Camps are cool. My youngest kids went to Christian camps last week. TJ (9) went to El Rancho and Hannah (14) went to Lakeview Bible Camp with some Gospel Chapel people from Foxton. They had a great time. They came home with huge smiles and heads full of memories.
I also have very fond memories of New Zealand camps when I was younger.
Camps are where you can hang out late at night, dress badly, discover yourself, fight the giggles at 2 in the morning, watch the uninhibited speaker embarrass himself publicly, eat poorly cooked food, get up surprisingly early to pray, create and perform silly skits, pee in a freezing cold cement toilet block, and share your life-changing decision with your new friends as bonfire flames lick your eyelashes.
Why can't church be like more like camp?
Well, actually, it can be! As you know we arrived at Ngatiawa Camp a month ago and are still here. This is an old Presbyterian camp that was purchased 8 years ago by a network of Christian communities called Urban Vision and turned into a contemporary monastery that has been embraced by the Anglican church.
Founders Justin and Jenny Duckworth tell the story in their book Against the Tide. Justin is working on his Ph.D on contemporary monasticism and I expect he will have some great contributions to make once he is finished.
In a way, its like a camp that goes on forever, a perennial camp, a camp where no body has to go home because this is their home. They have fixed up the buildings, added gardens, a milking shed for the cows, art spaces for creativity, extra accommodation, a chapel for their 3 daily services, and a wifi signal. But its still a camp. Except the food is better.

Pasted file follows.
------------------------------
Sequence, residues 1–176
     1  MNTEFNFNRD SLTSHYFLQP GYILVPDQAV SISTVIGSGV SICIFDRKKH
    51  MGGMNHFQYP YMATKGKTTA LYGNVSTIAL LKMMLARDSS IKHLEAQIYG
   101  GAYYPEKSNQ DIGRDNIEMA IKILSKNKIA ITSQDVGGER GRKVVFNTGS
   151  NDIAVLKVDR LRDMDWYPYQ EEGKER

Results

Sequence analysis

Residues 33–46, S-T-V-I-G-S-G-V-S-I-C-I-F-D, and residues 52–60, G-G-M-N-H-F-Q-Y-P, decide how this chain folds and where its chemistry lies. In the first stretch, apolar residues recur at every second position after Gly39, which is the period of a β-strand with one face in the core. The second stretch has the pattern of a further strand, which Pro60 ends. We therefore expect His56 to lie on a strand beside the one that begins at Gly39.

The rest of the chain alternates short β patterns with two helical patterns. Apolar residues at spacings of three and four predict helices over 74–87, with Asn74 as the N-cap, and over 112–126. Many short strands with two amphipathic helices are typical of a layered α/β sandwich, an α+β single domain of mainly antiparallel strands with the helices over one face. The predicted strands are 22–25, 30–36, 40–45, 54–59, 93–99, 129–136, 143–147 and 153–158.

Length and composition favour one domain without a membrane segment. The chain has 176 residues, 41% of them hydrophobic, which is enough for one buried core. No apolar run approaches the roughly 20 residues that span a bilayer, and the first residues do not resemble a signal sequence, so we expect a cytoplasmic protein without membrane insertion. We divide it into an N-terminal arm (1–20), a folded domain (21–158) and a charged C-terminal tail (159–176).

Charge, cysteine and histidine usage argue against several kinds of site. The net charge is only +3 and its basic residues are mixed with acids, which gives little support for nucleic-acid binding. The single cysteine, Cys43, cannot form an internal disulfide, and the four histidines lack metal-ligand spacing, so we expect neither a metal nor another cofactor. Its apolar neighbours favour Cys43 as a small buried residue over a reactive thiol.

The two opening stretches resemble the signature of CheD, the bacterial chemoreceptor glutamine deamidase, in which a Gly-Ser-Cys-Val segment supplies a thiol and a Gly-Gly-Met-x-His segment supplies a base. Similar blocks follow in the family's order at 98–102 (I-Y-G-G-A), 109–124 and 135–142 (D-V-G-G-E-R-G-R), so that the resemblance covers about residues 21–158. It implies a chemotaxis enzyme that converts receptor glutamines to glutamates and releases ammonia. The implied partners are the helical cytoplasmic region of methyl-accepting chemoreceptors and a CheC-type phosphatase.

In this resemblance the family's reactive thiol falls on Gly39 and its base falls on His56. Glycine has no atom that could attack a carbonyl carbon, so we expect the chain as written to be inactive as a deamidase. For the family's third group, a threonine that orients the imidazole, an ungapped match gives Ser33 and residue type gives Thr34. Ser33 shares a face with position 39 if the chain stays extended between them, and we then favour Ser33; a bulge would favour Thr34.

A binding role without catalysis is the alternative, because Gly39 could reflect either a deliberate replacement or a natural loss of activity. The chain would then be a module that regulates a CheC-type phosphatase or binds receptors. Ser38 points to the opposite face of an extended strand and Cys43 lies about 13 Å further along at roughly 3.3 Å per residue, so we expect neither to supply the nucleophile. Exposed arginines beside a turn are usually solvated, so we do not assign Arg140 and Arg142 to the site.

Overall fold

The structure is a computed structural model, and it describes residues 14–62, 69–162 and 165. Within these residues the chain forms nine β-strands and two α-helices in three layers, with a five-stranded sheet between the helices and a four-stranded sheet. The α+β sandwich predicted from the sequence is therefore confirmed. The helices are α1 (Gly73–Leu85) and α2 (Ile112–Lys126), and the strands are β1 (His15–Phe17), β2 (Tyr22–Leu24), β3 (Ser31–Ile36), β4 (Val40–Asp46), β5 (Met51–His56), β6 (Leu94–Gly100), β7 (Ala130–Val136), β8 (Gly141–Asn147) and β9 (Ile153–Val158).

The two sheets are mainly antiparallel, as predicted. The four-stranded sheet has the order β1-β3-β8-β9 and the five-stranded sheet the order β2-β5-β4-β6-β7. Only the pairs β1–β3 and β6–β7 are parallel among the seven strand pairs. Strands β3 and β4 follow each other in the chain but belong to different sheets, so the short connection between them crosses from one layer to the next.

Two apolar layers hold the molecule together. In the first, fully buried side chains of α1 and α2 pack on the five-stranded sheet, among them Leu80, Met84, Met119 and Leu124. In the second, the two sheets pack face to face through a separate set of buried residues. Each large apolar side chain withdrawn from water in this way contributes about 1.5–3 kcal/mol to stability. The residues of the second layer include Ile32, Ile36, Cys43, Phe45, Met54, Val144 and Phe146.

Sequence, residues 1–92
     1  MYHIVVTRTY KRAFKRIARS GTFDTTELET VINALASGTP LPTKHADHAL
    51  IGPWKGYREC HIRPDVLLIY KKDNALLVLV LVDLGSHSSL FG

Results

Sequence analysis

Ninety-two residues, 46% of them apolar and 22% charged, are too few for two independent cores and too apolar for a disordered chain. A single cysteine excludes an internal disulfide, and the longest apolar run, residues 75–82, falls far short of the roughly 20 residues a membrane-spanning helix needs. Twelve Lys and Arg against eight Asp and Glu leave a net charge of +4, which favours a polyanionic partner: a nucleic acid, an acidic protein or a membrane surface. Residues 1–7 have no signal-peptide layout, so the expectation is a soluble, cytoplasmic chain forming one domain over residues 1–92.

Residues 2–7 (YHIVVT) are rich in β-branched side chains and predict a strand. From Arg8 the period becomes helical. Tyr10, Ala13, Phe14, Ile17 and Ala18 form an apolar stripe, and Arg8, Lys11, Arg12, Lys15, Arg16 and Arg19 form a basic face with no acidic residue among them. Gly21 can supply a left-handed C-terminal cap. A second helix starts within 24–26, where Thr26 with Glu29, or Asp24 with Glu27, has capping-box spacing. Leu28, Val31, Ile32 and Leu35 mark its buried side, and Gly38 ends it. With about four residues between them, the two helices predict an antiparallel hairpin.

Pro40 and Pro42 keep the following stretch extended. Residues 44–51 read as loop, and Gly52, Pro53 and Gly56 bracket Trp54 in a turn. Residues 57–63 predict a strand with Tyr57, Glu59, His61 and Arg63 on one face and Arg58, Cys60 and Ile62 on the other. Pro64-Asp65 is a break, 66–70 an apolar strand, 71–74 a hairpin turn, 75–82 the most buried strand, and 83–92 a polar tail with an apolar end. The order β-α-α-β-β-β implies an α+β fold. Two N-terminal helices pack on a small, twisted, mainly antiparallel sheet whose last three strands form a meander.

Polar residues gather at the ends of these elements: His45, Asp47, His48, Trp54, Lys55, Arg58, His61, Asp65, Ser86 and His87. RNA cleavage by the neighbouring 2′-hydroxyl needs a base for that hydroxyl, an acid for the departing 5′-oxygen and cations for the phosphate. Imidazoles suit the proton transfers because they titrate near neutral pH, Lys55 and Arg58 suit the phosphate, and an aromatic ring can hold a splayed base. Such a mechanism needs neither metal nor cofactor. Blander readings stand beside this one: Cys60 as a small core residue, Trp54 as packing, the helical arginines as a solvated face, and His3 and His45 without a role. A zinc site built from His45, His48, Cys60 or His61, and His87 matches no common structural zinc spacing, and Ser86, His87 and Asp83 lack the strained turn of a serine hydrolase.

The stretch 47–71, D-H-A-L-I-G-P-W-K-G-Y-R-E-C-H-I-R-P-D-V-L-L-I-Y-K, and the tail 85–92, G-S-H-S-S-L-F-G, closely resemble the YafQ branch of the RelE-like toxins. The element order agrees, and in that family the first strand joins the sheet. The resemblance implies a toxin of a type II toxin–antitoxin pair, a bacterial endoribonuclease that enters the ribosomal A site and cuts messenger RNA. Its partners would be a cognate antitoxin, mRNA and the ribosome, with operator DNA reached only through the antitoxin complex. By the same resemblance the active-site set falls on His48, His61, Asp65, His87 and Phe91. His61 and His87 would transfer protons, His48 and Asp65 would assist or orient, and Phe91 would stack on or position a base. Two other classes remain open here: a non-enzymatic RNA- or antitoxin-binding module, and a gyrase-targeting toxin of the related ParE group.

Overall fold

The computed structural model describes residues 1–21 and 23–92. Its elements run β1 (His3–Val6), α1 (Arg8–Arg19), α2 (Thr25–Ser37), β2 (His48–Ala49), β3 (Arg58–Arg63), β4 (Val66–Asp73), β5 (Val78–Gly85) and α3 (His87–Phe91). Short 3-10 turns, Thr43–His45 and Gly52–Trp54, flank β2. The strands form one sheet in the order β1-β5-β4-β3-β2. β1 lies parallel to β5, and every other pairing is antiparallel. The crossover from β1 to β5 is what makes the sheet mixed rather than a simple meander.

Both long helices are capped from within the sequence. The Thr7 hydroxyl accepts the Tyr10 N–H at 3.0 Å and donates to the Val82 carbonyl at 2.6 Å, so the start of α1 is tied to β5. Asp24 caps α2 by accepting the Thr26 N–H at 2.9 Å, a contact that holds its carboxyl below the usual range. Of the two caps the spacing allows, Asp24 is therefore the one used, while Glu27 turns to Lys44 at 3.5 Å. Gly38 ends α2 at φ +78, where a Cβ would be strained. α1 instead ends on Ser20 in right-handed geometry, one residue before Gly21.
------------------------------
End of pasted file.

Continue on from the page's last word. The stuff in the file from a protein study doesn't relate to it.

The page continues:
We cooked pizza for 50 people last Friday. Every day new people seem to turn up. Lots of young people. Lots of Anglicans, especially since last month's big profile [read article]. Anglican Youth Network Facilitator John Hebenton has been here all week, hiding himself away in the prayer hut. Yesterday, Bishop Richard Ellena dropped in for a cuppa.
Last week a young guy named Tim flew up from Christchurch and hitched his way to Ngatiawa Camp, just to stay one day before flying back south. People are looking for a better way to do church and models like this are giving hope to a new generation.
A lot of young people around the world are starting intentional communities that begin with the template of a monastery and then reduce the weird elements to make it fit the context. But another option is to START WITH A CAMP and add what needs to be added. Seems to be working for Urban Vision.
Want to check it out? Come for PassionFest in Feb right here at Ngatiawa and bring your tent.